Cat Not Drinking Water
Is your cat not drinking water?
Cats have always had an odd relationship with water. Legend has it that cats hate water, but any cat owner will tell you that any cat can find an unattended cup of water just about anywhere.
As a responsible pet owner it is important to always monitor your cat’s water intake. If you notice a drastic change one way or another then it would be a good time to schedule a vet visit.
While ALL living creatures need water to survive, cats seem to need less water then some, yet you don’t want your cat not drinking water. Unfortunately, there are health problems, like chronic kidney failure, bladder infections or kidney stones that may require that your cat drink more water then they normally would.
Getting your cat to drink more water can be a trick and you might need to end up thinking like a cat to accomplish this task.
Cats are very curious creatures and often will pay attention to things that are out of the ordinary. While this might be a frustrating thing, be positive and see it as a way to be creative, after all you don’t want your cat not drinking water! Try placing various size bowls in various places in the house. Keep an eye on which type of cat water dish they prefer. It might be something as simple as the cat not liking to bump his whiskers against the sides of the bowl or preferring stainless steel over ceramic.
Try to spice up his water drinking experience by adding ice cubs or bath toys. Cats love to dip their paws in the water. Giving him something to bat at might be the perfect way to get him to drink up. Make sure whatever you put in the bowl is large enough that he cannot get it into his mouth and choke.
If you find your cat likes water movement you might want to invest in a cat water fountain. There are many on the market. Not only will it provide constant water movement but will come with a filter that will keep the water clean.
You might consider using a pet fountain because the water gets filtered and recycled.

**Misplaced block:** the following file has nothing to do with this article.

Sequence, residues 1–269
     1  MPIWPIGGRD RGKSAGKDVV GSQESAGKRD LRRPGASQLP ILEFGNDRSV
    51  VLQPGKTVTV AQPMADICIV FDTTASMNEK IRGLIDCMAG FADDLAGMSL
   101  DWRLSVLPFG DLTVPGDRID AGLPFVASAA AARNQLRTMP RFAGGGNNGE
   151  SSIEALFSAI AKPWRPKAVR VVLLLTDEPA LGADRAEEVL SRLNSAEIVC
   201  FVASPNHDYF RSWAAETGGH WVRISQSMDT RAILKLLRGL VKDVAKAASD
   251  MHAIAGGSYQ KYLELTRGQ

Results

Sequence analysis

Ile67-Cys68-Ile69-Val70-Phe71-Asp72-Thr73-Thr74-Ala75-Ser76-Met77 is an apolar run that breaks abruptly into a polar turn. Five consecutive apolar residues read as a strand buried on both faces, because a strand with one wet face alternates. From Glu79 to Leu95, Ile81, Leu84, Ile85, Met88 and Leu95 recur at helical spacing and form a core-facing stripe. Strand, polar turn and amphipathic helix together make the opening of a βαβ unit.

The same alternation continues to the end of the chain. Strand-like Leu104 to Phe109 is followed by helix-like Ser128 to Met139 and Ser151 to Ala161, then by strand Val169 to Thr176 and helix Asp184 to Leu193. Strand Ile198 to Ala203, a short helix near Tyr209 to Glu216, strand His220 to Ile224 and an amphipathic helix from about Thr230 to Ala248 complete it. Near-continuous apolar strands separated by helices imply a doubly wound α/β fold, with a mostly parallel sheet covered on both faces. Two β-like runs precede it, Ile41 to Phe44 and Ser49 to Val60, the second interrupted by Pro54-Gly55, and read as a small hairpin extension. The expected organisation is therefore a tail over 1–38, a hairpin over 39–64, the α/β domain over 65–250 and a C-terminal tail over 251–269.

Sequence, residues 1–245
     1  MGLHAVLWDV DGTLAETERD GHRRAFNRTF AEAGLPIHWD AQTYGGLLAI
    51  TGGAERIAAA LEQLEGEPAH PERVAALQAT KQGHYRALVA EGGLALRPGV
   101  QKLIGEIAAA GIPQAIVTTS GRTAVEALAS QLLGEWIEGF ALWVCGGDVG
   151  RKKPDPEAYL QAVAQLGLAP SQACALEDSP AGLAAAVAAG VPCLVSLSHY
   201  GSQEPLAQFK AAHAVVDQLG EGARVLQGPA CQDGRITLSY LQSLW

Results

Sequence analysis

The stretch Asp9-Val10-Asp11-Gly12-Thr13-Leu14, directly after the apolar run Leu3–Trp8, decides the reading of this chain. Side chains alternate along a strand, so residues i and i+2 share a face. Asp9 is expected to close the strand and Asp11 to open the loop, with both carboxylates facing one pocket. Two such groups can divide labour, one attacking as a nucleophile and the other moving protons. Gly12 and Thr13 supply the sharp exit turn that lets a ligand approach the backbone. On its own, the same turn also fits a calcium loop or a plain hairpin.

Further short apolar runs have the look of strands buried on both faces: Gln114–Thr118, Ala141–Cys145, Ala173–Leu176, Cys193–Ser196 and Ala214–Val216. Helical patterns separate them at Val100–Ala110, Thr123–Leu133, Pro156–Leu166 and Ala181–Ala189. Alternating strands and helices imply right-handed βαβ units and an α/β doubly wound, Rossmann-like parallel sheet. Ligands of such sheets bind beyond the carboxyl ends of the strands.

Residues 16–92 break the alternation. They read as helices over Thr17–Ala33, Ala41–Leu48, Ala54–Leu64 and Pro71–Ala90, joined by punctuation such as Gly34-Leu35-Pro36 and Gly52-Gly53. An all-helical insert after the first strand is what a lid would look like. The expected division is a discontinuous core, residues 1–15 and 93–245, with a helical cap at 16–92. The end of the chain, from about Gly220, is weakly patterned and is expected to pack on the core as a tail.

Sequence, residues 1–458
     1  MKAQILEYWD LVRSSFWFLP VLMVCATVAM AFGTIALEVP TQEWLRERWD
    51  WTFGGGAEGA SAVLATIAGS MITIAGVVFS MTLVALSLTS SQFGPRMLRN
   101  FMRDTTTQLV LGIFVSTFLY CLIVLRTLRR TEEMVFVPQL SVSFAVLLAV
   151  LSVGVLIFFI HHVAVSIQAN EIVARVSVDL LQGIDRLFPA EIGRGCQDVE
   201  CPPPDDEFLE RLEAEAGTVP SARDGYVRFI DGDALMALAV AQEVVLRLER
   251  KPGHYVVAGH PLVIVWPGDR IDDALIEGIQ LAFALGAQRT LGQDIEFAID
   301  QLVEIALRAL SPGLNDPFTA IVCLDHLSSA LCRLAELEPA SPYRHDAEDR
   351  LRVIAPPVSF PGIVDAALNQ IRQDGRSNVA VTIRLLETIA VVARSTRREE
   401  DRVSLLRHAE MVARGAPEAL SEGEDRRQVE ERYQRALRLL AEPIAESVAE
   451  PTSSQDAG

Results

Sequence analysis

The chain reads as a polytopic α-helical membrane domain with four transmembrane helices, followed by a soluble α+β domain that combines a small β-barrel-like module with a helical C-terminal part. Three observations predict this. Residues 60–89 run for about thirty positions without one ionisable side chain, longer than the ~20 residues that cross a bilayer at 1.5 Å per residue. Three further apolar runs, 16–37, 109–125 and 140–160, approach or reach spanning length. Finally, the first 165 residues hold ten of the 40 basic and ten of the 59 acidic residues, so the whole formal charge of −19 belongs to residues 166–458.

- Glacier Point Fountains
- Keith Davitt Thirsty Cat Fountain
- Pioneer Pet Raindrop Ceramic Drinking Fountain for Pets
- Drinkwell Multi-Level Lotus Ceramic Drinking Fountain
Plastic Fountains (don’t recommend these for kitties with acne problems):
- Catit Design Senses Fountain with Water Softening Cartridge
- Petmate Drinking Fountain
- Cat Mate Pet Fountain
Keep in mind that much like humans, cats have their own tastes. Try adding some water from a can of tuna to his or her bowl. If you live in an area that has hard water try using filtered water. It could be that he doesn’t like the metal taste.
If you find that your cat is still not getting enough water try switching him over to a high quality canned food. If your cat is already eating canned food add a little more water to it. That will help increase the moisture he is taking in.
It can be scary when you think your beloved pet is not getting enough of something as crucial as water. Should you become worried that your cat has become dehydrated there is a simple test. Gently pull the skin on the back of your cat’s neck. If it is slow to snap back it might be an indication that he is becoming dehydrated. You will want to seek your Veterinarian’s assistance at that point.
Every cat is different. What might work for one cat might be the exact opposite of what another cat likes. Don’t get frustrated. Try new things and don’t be afraid to be creative. Your cat may prefer a flower vase to an expensive cat bowl. Your cat will give you the answer, you’ll just need to pay attention.
What tricks have you tried to get your cat to drink more water?
my 3 month old female kitten refuses to drink water…when I got her she was drinking from a bottle and nipple..as she got lost from her mom …is it ok to give her ‘easily digested’ milk formulated for cats..she loves it..but the vet said..no milk….I fear she’ll become dehydrated…she is a big eater…most of her food is wet food..and she very seldom eats any of the dry kitten food…plays continously and seems to be very healthy…what should I do to insure she is getting enough fluids…?
Linda, this is certainly a question for a vet. When he says no milk, does he mean human milk? Did you specifically ask him about milk formulated for cats?